It would take < 1hr to do, and <1hr to put back to normal when you leave.
 

BeccaM3

Member
Feb 7, 2018
32
15
Portland
Tesla provides free Wall Connectors to business owner for their employees to charge at workplace. But you won't be able to charge the Volt though or other non-Tesla EVs. Can Volt even do Level 2 charging? I think you could also partnered with Chargepoint to install their chargers at your business.

Interesting. I’ll look into this.
 

Kirby64

Member
Jun 28, 2018
485
486
Austin, TX
If you have a dedicated breaker to the garage (that doesn't include the opener on it) or dedicated outside outlet, you could convert to Nema 6-15 or 6-20 for the cost of the breaker, the Tesla adapter, and the outlet (< $55 total most likely). That would depend on the wire size to the existing outlet, and it would have to be the only thing on the breaker. Would give you 11-15MPH depending on whether you can use 6-15 or 6-20.

It would take < 1hr to do, and <1hr to put back to normal when you leave.

This would also work, and definitely make things less concerning for range anxiety. That being said, I've yet to find a garage that has a single outlet dedicated to a breaker... Usually all the places I see end up daisy-chaining 5 outlets together in some mess. Maybe that's indicative of the places I end up renting/visiting.
 
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suwaneedad

Member
Dec 11, 2016
921
1,113
Atlanta
i finally have a delivery date for my M3. We will be listing our house for sale in the next 5 months so don’t want to spend much money on installation for home charging. What would you suggest? My husband is somewhat handy. His brother is a commercial electrician so can help with phone questions if the suggestion is to try and install something ourselves.

I’ve been driving my daughter’s Volt and then charging when I get home at night. That has worked, although there are times when it’s run out of battery and the slow charging is inconvenient.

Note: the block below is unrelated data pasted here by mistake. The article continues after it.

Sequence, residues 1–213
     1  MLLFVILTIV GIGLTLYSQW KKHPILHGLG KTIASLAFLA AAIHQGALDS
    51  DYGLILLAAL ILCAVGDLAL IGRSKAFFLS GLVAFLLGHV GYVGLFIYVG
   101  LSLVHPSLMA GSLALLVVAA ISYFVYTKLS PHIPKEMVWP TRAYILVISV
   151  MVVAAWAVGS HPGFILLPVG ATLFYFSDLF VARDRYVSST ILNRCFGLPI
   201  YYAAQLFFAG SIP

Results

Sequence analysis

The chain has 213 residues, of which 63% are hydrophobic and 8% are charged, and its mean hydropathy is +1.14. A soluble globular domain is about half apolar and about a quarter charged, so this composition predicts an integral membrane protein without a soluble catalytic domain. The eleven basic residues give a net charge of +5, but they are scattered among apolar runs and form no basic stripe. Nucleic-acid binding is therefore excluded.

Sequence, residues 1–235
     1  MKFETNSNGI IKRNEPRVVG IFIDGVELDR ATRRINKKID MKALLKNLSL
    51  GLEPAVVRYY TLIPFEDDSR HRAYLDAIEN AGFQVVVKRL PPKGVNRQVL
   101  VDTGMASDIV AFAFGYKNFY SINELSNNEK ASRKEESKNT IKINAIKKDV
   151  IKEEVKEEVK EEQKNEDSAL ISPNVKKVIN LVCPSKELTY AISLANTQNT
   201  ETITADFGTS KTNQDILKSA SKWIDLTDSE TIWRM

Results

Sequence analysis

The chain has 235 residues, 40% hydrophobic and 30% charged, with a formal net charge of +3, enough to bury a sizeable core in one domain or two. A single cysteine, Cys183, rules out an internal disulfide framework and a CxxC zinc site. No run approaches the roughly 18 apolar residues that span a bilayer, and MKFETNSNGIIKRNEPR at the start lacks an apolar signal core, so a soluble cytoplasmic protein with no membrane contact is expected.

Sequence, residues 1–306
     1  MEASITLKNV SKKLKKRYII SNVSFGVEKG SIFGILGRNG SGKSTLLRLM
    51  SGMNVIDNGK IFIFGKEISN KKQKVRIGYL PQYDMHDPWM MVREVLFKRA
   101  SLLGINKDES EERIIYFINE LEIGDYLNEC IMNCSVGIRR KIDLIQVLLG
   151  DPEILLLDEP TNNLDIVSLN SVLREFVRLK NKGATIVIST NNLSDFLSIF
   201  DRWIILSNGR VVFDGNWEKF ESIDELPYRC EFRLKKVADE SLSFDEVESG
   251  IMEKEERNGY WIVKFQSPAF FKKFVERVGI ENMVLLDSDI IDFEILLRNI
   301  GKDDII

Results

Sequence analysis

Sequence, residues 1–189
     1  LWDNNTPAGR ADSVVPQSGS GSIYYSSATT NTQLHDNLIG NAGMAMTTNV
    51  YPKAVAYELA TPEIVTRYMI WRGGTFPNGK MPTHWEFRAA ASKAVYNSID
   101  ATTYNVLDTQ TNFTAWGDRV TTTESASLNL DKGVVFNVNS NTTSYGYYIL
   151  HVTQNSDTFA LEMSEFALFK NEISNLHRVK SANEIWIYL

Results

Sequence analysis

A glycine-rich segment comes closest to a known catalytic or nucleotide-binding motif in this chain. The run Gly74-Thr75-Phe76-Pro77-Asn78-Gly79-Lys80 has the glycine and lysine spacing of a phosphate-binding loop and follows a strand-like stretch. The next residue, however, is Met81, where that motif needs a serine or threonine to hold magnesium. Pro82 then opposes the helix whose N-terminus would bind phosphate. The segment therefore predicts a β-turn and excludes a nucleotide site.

Also, I sometimes charge the Volt at my office building, which I own. So I’m kicking around the idea of installing something there and charging during the day and doing a slow charge at home in the evenings and weekends. I’m also 5 miles away from a supercharger.

Any advice? We’ll be building a new house so it will be 1.5 years before we’re in a more stable living situation.
I'd hit the supercharger twice a week and be done with it.

If you control your office building/decisions, then a destination charger would be a cool thing to do for the community as well as yourself, but who knows how long that takes to accomplish (both getting the hardware and the permitting/install locally). Back when I got my LEAF, it took me over six months to convince the building manager at my place (we were just renters though, not owners) to merely expose a 110 outlet in the parking deck so I could trickle charge while at work. If you do go the destination charging path, and pay your work power bills, you're already aware that commercial power rates are way higher than residential rates since companies don't vote. Beware.
 

BeccaM3

Member
Feb 7, 2018
32
15
Portland
These are my home panels.

488D627F-C934-4A58-93B5-DC4E726B2699.jpeg
473FB6E2-B6B4-47DC-943B-B14315D00AE8.jpeg
 

Kirby64

Member
Jun 28, 2018
485
486
Austin, TX
These are my home panels.

Every single breaker there is at least 20 amps, by code that means you have at minimum 12ga wire to all outlets. Assuming your breakers are labeled 'Garage Plugs' plural on purpose, it sounds like you don't have a single dedicated breaker to any outlet, so easily swapping one to a NEMA 6-20 isn't practical.

A NEMA 5-20 (120V 20A) is a cinch though. Literally just swap the outlet and swap the UMC pigtail and you're done. It would take 2 minutes.

Does your garage have any heavy electrical draws? (e.g. fridges) If so, you need to figure out which one of those two breakers it's on and put the 20A outlet on the OTHER breaker so you don't accidentally trip the breaker once the fridge cycles on.
 

Dan123

Member
Jun 19, 2018
451
297
Miami
If your husband is handy and your brother-in-law is an electrician, just ask them to install a NEMA 14-50 outlet in your garage or outside where you park your car. The parts (outlet + wire) shouldn't cost you more than $200. And you will leave a nice gift of the future owner of the house who might want to buy a Tesla.
 
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Kirby64

Member
Jun 28, 2018
485
486
Austin, TX
If your husband is handy and your brother-in-law is an electrician, just ask them to install a NEMA 14-50 outlet in your garage or outside where you park your car. The parts (outlet + wire) shouldn't cost you more than $200. And you will leave a nice gift of the future owner of the house who might want to buy a Tesla.

Probably depends on what the service looks like to the house. Given how small that panel is, I wouldn't be surprised if it's only 100A service (or less?). If it is, adding a 14-50 would put you over the proper load calcs. EDIT: Nevermind... I didn't see that there were two panels in her screenshots. Probably fine to add a NEMA 14-50 then. Still depends on load calcs though.